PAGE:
Quentin Hide and the Evil Lord Twigton by Dean Kealy

QuentinHideQuentin Hide and the Evil Lord Twigton by Dean Kealy

Description from http://www.amazon.co.uk

Young Quentin Hide has just graduated from the Dragon Academy of Knights and Warriors, and with a new quest in his pocket, he’s off on his first adventure, but little does Quentin know, this may also be his last!

Quentin Hide and The Evil Lord Twigton was first seen on the blog: deanzdoodlez.com but see it here and now in all its glory with never before seen illustrations included!

I gave this book four stars out of five

My thoughts:

I was deliberating between three and four stars for this book, but decided that the inventiveness of the story and the entertainment provided warranted four.

This was a short story, that was quick, easy and very fun to read. I did think that the manner in which it was written was overly simplistic in nature. I will freely admit that I tend to be particularly critical about the more technical aspects of writing. I did, however, find that the strength of the story allowed me to mostly ignore this and enjoy it for what it was. A fun and inventive story.

I liked the characters of Quentin Hide and also the Evil Lord Twigton. They were well enough developed to feel very real, especially within the confines of a short story. I also loved the location of the professor’s office and his reasoning for it.

I really liked the plot twists, and I did not see them coming. This is, I think, for me, one of the marks of a good story, being surprised by events.

I would recommend this to others as  a quick, fun read. It  is reasonably short and a lot happened in these few pages. If you want to be entertained with some laughs for half an hour then it is definitely well worth a read.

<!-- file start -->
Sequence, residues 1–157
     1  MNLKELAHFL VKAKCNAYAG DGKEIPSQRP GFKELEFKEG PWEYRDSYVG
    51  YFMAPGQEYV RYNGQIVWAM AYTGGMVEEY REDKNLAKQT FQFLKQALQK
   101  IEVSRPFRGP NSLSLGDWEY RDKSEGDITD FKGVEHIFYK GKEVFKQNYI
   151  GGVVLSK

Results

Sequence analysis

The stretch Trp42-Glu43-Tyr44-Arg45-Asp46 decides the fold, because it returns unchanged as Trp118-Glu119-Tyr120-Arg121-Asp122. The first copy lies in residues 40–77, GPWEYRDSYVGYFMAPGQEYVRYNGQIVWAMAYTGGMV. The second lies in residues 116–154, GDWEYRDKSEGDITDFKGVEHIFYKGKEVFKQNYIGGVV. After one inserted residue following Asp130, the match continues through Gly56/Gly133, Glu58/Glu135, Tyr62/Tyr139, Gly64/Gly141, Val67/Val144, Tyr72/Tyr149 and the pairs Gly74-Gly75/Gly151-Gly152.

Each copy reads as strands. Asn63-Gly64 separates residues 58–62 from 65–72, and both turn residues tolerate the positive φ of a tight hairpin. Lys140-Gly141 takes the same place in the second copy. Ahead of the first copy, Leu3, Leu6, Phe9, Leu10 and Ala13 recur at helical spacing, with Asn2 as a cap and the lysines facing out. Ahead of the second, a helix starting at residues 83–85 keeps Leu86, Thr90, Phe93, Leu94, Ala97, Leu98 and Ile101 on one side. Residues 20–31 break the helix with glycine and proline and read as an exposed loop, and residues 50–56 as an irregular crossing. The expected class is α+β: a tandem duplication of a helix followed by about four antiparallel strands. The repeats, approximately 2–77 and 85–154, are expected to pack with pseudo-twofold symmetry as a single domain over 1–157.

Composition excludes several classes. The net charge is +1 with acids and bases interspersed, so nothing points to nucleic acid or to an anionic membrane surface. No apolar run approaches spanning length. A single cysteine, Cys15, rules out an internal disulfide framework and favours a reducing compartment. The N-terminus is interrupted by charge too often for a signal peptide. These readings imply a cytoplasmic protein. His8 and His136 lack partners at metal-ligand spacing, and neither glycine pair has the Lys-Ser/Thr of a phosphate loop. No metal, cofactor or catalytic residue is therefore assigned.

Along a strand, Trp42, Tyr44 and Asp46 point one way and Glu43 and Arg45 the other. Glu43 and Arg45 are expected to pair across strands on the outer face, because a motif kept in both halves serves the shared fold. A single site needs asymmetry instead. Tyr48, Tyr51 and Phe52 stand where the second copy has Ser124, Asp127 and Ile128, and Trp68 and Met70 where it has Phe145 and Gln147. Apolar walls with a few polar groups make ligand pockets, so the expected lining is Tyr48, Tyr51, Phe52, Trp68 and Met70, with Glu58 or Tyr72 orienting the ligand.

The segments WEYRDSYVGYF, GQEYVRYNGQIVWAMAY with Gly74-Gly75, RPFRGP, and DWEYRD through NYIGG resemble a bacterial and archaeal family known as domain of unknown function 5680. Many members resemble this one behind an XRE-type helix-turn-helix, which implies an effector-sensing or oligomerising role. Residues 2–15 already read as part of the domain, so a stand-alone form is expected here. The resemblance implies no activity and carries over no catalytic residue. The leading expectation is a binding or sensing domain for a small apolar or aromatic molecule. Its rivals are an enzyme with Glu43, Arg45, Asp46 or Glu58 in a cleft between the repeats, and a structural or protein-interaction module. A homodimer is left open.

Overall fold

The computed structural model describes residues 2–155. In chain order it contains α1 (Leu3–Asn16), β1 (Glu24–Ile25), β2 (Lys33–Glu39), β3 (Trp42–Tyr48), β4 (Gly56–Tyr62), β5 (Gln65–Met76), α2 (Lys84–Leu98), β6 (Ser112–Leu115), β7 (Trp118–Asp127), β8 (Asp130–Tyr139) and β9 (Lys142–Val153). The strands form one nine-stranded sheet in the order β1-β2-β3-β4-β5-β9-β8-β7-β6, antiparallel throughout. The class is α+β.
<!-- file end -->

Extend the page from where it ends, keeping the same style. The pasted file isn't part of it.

12 thoughts on “Quentin Hide and the Evil Lord Twigton by Dean Kealy

    • Definitely. I think that I do tend to be overly critical sometimes, perhaps due to my background reading so many classics. I also think though that being able to appreciate a story, and a book, for what it does achieve is important. I really did enjoy the story, and would have preferred perhaps that it was longer and had been allowed to develop and be expanded in many areas.


      • Background definitely plays a role in a person’s focus. I think a powerful story can help to conquer some of the technical weaknesses. You get the idea that the author will improve on the next book. Indie authors can fix and resubmit books too, which can help.

        More would have definitely been better. Grow a little more suspense in there before the climax.


      • I agree with both of your points, Charles. I think that you are right. However, I also think that it is important to consider the nature of technical weaknesses as in some cases it can put people off of future titles and damage a reputation.


      • Definitely. It can hurt future titles, but I think if an author shows a willingness to improve, it can minimize the negative. This is where an author being public with a blog or talking with fans can be helpful. Turn the author into a fallible, learning human being instead of the name on the cover and you can get more leeway.

        Though there are some people that simply won’t get it and will forever be the spellchecker’s bitch.


      • Definitely. I think seeing that a new author has imagination and inventiveness more important than having the technical chops to start with. If they can also show that they want to improve, and like you say, be open and public, then that counts for a lot. It is probably better than a boring, pedestrian story that is written in a very technically proficient fashion.


      • I do tend to love creative stories with a few flaws than a bland story with perfect technical achievements. Both take skill to write, but part of this game seems to be entertaining the masses. Though I do get annoyed if your/you’re/yore and there/they’re/their are consistently messed up.


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